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Australia Privacy Your Rights Online

Privacy Advocates Oppose Aussie Data Breach Laws 25

Posted by samzenpus
from the letting-them-know dept.
schliz writes "This week, Australia's Attorney-General released a discussion paper about introducing laws that would force companies to notify members of the public any time personal information about that customer falls into the wrong hands. California introduced similar mandatory data breach notification laws in 2003, but Australian privacy advocates are now opposing the move, saying it's a decade too late."
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Privacy Advocates Oppose Aussie Data Breach Laws

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  • It doesn't make the data more secure but perhaps the exposure will shame companies into better security.

    • by Anonymous Coward

      Since when has security and privacy even been the same things. The companies now, jizz data to anyone who'll pay for it. Even banks sell financial data these days, telecoms is a data selling field day. None of these things would be 'notified' as a data breach, since they're normal data selling business.

      So not only is it a deflection, a way of heading off a decent privacy law, it would give people a false sense of privacy. They hadn't been notified their data had been lost because it hadn't been lost, it had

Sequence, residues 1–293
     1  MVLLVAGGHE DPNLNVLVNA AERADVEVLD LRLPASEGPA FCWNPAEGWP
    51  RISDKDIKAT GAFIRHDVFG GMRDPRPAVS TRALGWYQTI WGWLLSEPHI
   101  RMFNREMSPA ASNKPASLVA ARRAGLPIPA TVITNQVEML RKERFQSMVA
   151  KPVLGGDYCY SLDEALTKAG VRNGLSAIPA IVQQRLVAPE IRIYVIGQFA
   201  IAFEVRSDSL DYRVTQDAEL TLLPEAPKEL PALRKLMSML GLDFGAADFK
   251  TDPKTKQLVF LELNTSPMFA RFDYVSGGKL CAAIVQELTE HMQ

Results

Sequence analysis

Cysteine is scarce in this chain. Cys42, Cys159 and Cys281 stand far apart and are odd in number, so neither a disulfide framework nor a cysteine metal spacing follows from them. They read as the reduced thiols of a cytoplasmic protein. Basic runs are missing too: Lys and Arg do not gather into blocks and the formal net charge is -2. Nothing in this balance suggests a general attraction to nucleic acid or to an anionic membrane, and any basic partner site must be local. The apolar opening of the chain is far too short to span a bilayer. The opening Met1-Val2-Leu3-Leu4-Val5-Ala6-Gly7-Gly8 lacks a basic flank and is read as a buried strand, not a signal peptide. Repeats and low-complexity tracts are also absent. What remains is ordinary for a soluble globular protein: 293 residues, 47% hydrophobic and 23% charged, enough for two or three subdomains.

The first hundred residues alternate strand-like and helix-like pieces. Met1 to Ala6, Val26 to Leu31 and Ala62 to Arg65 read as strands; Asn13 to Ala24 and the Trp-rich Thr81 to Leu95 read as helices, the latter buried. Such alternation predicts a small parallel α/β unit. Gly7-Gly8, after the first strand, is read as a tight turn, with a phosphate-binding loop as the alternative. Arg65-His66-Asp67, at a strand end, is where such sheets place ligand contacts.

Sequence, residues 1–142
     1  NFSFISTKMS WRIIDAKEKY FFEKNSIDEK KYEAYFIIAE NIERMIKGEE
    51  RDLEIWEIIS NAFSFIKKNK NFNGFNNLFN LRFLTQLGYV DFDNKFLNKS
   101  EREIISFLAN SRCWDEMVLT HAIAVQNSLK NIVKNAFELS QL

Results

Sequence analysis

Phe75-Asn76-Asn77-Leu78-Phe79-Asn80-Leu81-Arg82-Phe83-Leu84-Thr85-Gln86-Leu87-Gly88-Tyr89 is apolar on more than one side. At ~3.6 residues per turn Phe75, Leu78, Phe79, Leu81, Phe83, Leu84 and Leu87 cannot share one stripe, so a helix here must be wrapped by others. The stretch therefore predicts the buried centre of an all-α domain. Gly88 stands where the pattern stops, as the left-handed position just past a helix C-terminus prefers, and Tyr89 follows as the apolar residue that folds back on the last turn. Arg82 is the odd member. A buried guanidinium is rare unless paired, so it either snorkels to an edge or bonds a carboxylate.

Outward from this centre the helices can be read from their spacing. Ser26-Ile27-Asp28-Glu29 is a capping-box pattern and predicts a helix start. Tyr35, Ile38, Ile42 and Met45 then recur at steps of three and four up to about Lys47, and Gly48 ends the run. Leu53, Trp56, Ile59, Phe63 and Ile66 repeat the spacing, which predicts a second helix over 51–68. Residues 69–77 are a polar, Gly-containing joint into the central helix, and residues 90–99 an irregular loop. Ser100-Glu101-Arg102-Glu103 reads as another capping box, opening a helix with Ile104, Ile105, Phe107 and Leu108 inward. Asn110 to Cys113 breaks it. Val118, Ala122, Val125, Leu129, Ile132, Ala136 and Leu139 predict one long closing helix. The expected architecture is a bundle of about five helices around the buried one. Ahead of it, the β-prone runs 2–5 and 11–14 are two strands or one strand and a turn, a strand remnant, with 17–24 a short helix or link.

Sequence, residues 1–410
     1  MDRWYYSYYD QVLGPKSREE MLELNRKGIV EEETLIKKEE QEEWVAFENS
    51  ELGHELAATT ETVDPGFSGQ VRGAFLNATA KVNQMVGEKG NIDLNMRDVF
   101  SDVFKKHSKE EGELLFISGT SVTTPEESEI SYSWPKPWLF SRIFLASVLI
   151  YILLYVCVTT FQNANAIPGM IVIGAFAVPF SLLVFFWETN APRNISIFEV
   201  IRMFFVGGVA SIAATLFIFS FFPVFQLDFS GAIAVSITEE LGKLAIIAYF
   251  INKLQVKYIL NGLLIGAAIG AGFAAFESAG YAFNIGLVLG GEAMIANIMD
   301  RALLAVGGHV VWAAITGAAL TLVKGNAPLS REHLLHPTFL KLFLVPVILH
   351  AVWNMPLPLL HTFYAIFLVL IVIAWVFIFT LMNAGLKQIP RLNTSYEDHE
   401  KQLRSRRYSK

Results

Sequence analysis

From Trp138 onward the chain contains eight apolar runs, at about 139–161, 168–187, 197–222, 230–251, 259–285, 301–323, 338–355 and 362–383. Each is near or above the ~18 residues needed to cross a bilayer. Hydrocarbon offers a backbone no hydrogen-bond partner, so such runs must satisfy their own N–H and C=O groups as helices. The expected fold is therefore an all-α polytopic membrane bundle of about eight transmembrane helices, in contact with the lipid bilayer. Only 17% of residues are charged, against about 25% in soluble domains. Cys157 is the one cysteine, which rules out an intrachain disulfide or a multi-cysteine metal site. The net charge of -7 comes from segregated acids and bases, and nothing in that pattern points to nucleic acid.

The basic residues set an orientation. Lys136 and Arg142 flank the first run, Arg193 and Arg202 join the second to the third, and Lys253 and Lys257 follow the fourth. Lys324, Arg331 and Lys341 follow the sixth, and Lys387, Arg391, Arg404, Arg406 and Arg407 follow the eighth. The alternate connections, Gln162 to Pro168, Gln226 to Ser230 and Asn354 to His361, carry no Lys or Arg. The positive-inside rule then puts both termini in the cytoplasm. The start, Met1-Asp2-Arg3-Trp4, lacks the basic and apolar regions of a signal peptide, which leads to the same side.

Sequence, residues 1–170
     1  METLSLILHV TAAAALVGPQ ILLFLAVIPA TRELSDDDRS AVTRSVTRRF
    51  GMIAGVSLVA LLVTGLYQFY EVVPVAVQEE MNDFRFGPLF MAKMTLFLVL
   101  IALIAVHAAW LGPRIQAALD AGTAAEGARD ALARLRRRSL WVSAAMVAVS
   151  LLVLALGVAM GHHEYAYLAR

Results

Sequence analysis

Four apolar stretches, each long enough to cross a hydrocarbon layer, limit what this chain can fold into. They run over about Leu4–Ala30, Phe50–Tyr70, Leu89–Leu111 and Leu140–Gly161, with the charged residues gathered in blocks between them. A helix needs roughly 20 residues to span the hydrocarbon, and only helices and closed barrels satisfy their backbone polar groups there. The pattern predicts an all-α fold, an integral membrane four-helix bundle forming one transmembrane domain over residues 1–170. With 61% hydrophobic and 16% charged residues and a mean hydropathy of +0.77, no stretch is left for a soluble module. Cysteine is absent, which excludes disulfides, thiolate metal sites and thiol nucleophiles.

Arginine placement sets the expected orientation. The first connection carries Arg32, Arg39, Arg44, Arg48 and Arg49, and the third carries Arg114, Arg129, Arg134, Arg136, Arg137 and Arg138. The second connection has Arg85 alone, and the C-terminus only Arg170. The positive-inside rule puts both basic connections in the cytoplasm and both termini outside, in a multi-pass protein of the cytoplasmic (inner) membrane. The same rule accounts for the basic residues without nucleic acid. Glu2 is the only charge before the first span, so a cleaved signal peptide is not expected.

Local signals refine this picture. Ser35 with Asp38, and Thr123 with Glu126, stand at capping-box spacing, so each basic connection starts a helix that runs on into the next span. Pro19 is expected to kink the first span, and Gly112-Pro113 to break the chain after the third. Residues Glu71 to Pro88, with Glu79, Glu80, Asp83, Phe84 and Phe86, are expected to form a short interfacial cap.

• by sumdumass (711423) on Friday October 19, 2012 @06:25AM (#41703259) Journal

        Generally, in theory at least, authorized data transfers wouldn't be using it to commit identity theft or fraud or other damaging acts. However, notifying customers of a data breach by unauthorized entities, could allow those customers to take steps to monitor their credit and or make the company liable if something damaging happens from it.

        • by Bob9113 (14996)

          authorized data transfers wouldn't be using it to commit ... other damaging acts.

          That statement misses the point of the privacy advocates; that the authorized data transfers are, in fact, being used to commit other damaging acts. As both a student of economics and having spent several years doing behavioral targeted advertising, I am strongly convinced that it is damaging to our economy. It causes consumer behavior that is very different from rational self-inteterest, which is the bedrock upon which the eff

      • Re: (Score:2, Insightful)

        by Anonymous Coward

        Yeah, imagine, getting a text "Your personal data, including SSN, address, phone number, and other collected data from your browser was sold by company X to company Y and Z". A few minutes later, you find out company Z made another deal with A through H and so on. And at the end of the day, you'd think, OMG these bastards made a fortune just from selling my data alone, and I still have to pay for their crappy services.